Q. The mother of a relatively new client of mine just died of a heart attack. I’m a lawyer, and am thinking of sending the condolence note below to the client:
“Janet: So very sorry to hear about your mother’s passing. When the days seem dark, remember to cherish the good memories the two of you created. It will help carry you through the dark. You are in my thoughts and prayers.”
Do you think this note is appropriate?
Added by Florence Isaacs on May 17, 2013 at 3:30pm — No Comments
Q. How can you respond to people who say dumb things to you after your husband has died? A woman I barely know called two days after I was widowed and said, “Don’t worry. You’re going to be just fine.” I felt so angry at her. How could she possibly know what I was going through and what my life ahead would be like? I just bit my tongue and said nothing, but it’s aggravated me ever since. Is there a better way to cope with such statements?
I think you…Continue
Added by Florence Isaacs on March 22, 2013 at 10:35am — No Comments
Last week my friend supported a dear friend whose father died. The dad had Alzheimer’s disease and had been failing for some time. But his condition had quickly worsened and he died unexpectedly.
My friend attended the funeral and funeral reception and since the family is Jewish, she helped organize and attended the Shiva. She was quite surprised by some of the behavior and questions that hurt both her…Continue
Not much has changed in the ten years that I have been writing about grief and loss. There’s still a sense of discomfort in dealing with the bereaved. Friends and loved ones continue to seek the perfect words that will comfort the bereaved. They’ve yet to learn that no one thing that they say or do will make the pain go away.
So what have I learned that may help you…Continue
Q. On the second anniversary of my husband’s death, I received an e-mail from one of his former business associates. The message consisted of two lines: “I still miss him. Hope you are well.” This person is the only one who remembered the date and reached out to me. I heard from him at this time last year, too, and…Continue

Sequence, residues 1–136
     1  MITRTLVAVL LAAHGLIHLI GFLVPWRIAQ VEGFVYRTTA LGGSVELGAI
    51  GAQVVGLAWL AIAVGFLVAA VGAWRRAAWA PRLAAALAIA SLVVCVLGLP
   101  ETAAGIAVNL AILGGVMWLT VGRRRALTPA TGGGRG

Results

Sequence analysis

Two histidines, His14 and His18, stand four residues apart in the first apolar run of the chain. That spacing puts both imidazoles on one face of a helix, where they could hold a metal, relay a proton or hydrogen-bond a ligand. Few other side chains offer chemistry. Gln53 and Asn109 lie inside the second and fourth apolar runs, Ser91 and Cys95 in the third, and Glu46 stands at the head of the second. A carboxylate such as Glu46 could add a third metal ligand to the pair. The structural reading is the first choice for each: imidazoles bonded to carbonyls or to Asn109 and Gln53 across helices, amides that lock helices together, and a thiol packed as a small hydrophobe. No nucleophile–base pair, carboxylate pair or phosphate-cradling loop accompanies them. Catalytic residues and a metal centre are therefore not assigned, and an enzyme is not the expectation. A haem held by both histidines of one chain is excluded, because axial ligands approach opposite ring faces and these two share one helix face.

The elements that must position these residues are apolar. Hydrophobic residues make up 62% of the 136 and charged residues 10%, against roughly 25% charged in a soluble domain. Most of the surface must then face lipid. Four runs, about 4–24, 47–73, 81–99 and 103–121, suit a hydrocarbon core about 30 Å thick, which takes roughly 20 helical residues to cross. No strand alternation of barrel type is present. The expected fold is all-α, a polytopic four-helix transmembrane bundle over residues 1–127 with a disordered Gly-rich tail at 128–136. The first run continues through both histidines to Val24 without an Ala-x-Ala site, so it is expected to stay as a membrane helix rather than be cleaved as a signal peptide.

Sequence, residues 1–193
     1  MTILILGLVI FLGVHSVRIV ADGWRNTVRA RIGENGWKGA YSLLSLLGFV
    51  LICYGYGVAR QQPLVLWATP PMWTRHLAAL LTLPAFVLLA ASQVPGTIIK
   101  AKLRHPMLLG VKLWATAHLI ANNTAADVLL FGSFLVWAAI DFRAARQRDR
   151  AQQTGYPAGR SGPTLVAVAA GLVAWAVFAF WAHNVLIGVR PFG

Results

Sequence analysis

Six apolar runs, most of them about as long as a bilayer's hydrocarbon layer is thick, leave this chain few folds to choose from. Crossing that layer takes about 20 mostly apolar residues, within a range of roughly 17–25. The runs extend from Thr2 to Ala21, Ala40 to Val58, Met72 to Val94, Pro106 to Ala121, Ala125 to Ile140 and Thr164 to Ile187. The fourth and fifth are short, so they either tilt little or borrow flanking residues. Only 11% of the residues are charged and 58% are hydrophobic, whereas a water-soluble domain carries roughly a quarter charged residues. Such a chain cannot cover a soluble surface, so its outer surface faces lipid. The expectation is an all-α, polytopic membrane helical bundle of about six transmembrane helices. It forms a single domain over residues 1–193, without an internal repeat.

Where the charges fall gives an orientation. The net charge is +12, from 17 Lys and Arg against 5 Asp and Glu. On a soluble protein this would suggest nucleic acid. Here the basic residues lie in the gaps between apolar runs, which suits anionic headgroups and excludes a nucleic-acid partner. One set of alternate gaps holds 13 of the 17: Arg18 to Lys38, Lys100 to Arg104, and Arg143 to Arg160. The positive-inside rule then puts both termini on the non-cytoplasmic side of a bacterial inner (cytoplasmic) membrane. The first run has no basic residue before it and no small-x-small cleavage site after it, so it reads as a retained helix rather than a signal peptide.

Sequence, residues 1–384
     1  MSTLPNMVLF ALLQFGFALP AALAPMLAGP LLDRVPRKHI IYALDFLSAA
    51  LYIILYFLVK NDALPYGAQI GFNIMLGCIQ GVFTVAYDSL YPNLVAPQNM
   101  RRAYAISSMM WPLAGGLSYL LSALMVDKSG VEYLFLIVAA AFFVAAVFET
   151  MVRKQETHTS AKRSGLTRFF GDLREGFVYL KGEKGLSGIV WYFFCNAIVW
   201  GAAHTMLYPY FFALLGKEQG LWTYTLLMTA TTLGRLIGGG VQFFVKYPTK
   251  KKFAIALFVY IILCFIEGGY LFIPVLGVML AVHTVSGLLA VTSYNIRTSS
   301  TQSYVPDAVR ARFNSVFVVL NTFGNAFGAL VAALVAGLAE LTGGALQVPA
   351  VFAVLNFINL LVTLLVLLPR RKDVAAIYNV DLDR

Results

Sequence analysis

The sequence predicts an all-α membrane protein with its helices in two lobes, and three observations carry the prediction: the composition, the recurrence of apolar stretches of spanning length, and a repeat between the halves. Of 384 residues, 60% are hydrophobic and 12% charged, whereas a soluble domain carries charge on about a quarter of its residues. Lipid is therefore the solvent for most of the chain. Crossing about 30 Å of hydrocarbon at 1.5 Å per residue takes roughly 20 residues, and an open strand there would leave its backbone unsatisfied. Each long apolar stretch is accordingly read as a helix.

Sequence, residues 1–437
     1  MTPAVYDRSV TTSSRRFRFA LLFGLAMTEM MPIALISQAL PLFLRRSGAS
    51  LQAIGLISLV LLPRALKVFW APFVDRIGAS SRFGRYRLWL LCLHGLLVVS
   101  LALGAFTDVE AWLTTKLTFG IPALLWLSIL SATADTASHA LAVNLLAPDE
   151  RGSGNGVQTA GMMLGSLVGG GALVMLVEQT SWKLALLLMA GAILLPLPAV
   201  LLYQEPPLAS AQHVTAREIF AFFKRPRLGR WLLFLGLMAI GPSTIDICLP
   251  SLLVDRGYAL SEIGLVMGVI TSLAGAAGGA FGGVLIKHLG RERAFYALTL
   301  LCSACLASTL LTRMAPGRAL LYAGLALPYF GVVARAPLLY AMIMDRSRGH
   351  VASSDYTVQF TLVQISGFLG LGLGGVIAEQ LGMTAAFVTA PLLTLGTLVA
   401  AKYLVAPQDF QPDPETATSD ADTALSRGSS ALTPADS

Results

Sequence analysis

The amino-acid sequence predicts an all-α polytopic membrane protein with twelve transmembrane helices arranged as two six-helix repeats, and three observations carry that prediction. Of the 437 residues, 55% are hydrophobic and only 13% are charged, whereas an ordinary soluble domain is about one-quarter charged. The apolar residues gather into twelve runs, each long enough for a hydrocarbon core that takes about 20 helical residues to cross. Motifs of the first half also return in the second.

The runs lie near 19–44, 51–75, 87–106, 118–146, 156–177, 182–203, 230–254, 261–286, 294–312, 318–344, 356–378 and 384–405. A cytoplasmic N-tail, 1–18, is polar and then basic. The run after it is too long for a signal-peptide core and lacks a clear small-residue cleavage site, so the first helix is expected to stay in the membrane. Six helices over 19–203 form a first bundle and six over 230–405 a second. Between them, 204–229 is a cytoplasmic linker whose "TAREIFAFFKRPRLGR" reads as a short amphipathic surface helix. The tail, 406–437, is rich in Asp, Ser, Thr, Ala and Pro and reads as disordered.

Added by Florence Isaacs on November 7, 2012 at 9:00am — No Comments
I learned to be comfortable with the bereaved because at a young age, I was the bereaved. I witnessed firsthand how young friends, their parents, my neighbors, teachers, school officials, relatives, and family friends treated me and interacted with me upon learning that my father died.
And yet it was my mom who taught me how to comfort the bereaved. She connected by phone, cooked a meal, visited the bereaved, and continued to help long past when others ceased to…Continue
Added by Robbie Miller Kaplan on August 8, 2012 at 2:00pm — No Comments
Q. A couple who were very close friends did not attend my husband’s funeral because they were booked for a vacation in Hawaii. The flight left the day before the service and the package was nonrefundable. Part of me understands their choice, but another part feels angry that they didn’t change their plans regardless. What are your thoughts?
This is a complicated situation, involving a mix of expectations, practical considerations, values and priorities, and…
Added by Florence Isaacs on March 19, 2012 at 11:00am — No Comments
Who amongst us hasn’t had the best – but unfulfilled – intentions to visit a dying friend or relative? Or even to pop a card or note in the mail just to let them know they were in our thoughts? It’s human nature to procrastinate even with easy things so when it comes to the difficulty of putting words to a sensitive and final situation, it’s no wonder we don’t always follow through.
It happened to me not long ago and even though the person who died was not a close…Continue
Added by Susan Soper on March 4, 2011 at 10:30am — No Comments
It happens. Seeking solace, you call a trusted friend or loved one and share some sadness; a family member’s diagnosis or a colleague’s death. But instead of consolation, you’re told a story of greater loss, even more disturbing than the one you’ve shared. You’d hoped for comfort but the conversation leaves you frustrated and feeling…Continue
I thought I knew everything there was to know about grief. After all, I’d faced some terrible losses by my early thirties. And yet my mom’s death really shook me. The grief and sense of loss was devastating and I found it incredibly hard to pull myself together that first year.
From my experience, I’ve learned that every loss is different and one loss doesn’t necessarily prepare you for the next. Unlike other life experiences, the more practice you have doesn’t make you any more…
The words sympathy and empathy are often thought to be the same, and yet they are distinct expressions.
In times of death, we often extend sympathy by sharing our sorrow for what’s happened. Sympathy cards are usually synonymous with condolence messages. When offering sympathy, we’re expressing concern for another’s feelings. Cards, notes, phone calls, e-mails, meals, and offers of assistance are all expressions of sympathy.
But you don’t offer empathy, you feel it. Empathy…